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February 2004 performance review

March 17, 2004

For the conservative portfolio we sold our 5% position in the Northern Income Equity (NOIEX) fund. We originally added this fund in April 2002 and the fund was up 13.5% over that time period. Convertible bonds benefit from upward movements in stock prices as the value of the conversion feature increases. Convertible bonds yield less then comparable risk corporate bonds because of this upside potential. As stock prices are back to fully valued, we think the below average yield will hold back portfolios going forward.

We cut back on American Century International Bond (BEGBX) to 10% from 20% of the total portfolio as we feel the big fall in the U.S. dollar is largely over. Foreign bonds should almost always play a part in any diversified low volatility portfolio, but 20% is more than we want for the time being. One factor that will prevent the U.S. dollar from racing back to the levels of a few years ago is our ongoing trade imbalance, which has yet to shrink even with the now-weak dollar. This fund is up over 43% since we put it in the portfolio in April 2002, largely because of the falling dollar and to a lesser extent falling global interest rates

We sold all holdings in the American Century Equity Income (TWEIX). This conservative fund is a bit more expensive then it should be and American Century is converting the fund into load classes, making no load investing for new investors impossible. Like many lower risk stock funds, this fund has underperformed in the recent bull market. Since added to the portfolio in April 2002, the fund is up 14.8% 

International small cap stocks used to be out of favor and a pretty good value relative to most stocks. We put the higher-risk Forward International Small Company fund (PISRX – was called Pictet International Small Company until recently) in this portfolio back on August 1st 2003 and the fund is now up 45% from that date. Current valuations make this fund too risky for a large allocation, so we cut the fund’s stake down to 5%.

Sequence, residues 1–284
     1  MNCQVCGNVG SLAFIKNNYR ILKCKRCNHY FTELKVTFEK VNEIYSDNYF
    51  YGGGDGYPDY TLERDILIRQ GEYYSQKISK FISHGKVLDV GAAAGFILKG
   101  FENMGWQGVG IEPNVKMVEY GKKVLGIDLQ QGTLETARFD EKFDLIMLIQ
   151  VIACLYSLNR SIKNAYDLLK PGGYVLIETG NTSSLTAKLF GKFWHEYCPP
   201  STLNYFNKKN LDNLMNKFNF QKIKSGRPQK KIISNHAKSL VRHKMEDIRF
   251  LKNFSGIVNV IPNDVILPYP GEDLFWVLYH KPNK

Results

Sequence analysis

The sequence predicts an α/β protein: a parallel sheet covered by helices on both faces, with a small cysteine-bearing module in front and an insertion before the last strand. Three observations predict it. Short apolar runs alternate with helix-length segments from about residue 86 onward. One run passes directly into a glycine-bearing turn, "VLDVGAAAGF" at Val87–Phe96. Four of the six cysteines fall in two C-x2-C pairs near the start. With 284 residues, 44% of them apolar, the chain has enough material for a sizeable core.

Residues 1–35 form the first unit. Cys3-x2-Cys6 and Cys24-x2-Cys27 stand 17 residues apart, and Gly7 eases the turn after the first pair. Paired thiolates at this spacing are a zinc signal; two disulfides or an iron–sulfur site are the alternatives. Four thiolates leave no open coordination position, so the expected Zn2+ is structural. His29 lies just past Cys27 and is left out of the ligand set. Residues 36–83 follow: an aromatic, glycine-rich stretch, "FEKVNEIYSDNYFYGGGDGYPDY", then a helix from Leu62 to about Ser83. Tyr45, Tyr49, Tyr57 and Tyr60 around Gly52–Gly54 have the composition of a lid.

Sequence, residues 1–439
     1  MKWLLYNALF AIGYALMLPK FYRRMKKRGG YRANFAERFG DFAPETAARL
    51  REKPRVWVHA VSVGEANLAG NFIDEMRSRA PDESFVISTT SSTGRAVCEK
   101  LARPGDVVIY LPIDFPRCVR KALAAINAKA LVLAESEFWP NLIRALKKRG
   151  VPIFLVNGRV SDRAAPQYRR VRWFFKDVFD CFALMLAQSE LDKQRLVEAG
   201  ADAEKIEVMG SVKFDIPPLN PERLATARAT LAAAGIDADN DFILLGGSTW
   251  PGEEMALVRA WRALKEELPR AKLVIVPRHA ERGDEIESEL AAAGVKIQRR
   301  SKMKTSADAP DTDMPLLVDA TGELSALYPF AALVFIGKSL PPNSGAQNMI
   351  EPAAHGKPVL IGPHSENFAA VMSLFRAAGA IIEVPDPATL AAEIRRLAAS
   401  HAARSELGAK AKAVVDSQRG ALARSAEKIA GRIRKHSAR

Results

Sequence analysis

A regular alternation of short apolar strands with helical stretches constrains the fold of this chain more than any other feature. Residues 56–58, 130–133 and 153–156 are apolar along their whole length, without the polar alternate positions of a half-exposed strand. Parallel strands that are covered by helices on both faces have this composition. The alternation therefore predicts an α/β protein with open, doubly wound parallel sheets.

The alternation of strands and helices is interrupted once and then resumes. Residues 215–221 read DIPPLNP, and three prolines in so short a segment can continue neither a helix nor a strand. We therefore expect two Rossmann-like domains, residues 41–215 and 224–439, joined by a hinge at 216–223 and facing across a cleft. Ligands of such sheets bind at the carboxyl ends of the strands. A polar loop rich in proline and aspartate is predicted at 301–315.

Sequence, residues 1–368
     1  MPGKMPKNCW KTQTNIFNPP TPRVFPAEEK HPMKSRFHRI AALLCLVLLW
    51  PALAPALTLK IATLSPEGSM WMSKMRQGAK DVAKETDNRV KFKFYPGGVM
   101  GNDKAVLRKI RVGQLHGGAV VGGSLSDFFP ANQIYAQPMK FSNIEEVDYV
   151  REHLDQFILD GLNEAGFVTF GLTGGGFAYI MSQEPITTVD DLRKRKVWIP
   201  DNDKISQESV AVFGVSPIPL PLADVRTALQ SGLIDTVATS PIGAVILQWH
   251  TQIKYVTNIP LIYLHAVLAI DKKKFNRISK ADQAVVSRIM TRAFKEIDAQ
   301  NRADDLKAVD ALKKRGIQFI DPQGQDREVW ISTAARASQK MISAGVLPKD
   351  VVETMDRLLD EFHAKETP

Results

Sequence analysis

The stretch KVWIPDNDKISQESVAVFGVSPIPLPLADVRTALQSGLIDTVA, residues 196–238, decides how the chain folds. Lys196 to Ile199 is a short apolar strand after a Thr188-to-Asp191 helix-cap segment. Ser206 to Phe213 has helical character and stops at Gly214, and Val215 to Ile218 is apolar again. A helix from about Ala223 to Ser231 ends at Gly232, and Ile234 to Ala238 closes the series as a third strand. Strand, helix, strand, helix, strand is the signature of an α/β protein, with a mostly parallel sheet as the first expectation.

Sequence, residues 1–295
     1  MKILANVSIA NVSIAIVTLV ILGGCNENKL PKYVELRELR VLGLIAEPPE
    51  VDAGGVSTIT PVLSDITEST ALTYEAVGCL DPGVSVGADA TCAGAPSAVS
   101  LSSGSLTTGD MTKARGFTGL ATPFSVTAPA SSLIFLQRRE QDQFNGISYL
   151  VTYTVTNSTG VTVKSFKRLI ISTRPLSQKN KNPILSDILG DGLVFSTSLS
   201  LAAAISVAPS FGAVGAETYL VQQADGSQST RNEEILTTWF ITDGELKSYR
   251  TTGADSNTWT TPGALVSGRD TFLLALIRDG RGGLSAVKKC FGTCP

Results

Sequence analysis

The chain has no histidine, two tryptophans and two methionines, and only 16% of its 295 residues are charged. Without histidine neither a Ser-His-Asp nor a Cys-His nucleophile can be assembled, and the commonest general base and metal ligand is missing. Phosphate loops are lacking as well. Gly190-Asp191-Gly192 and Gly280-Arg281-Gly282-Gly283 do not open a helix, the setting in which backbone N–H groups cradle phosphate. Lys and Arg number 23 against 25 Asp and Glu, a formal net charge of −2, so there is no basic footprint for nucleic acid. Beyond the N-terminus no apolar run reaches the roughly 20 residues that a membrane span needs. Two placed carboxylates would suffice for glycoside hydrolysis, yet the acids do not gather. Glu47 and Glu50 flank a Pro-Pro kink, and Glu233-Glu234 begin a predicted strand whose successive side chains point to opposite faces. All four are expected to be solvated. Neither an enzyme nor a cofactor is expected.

We increased the allocation to Vanguard Short Term Corporate (VFSTX) from 25% or total portfolio to 30% as a parking place while longer-term bonds and stocks are not attractively priced.

We’ve added a 15% stake to the Bridgeway Balanced Fund (BRMPX). This fund writes calls and puts on stocks held in the portfolio and owns bonds. The effect is an almost income oriented stock fund with a risk profile slightly higher then a junk bond fund, but quite a bit less then normal stock funds. This fund is a bit more risky then the similar Gateway (GATEX) fund in our safety portfolio largely because it can lose more if the stock market falls quickly.

In the aggressive growth portfolio we got rid of our remaining allocation to the Fidelity New Markets Income (FNMIX), which was down to 5% from pervious sales. We liked everything about this fund a couple years ago – high risk bond category, falling dollar play, high yield. Today, after a 37% move up after we added the fund, we are cutting lose. Investors are getting too comfortable with risk, and buying emerging market bonds like the ones in this fund after the big run up is giving an investor not much in yield and a lot of potential headaches.

We’re not crazy about junk bonds after the big moves up last year. The Northeast Investors (NTHEX) is a low risk choice and has underperformed in a risk loving environment. This fund will hold up better then most when the risk pendulum swings the other way, but we are still cutting it loose. This fund is up about 15% since added to the portfolio, more then the S&P500 but less then higher risk bond funds.

Small cap has been hot worldwide. Our stake in Artisan International Small Cap (ARTJX) is up 65% since we added it in April 2002 compared to the S&P500s paltry single digits. We’ve cut it back to 10% of the total portfolio from 20% of the total portfolio based largely on higher valuations and limited upside from here. 

In keeping with our large-cap-stocks-are-no-longer-evil theme (after years of bad mouthing overpriced large cap stocks that got carried away with late 90s insanity), we’ve added the Bridgeway Blue-Chip 35 (BRLIX). The 10% allocation is a blend of just a few mega cap stocks. This fund is about the lowest fee retail oriented fund in the world, leaving what little returns this market offers in the hands of investors.

The new 10% allocation of the Payden Global Short Bond (PYGSX) will give the portfolio a diversified, low fee exposure to shorter term bonds. This low risk fund will likely never go up or down in the double digits in a year. This fund is hedged against currency fluctuations, which normally is something we avoid as we feel a portfolio should have unhedged foreign exposure for diversification.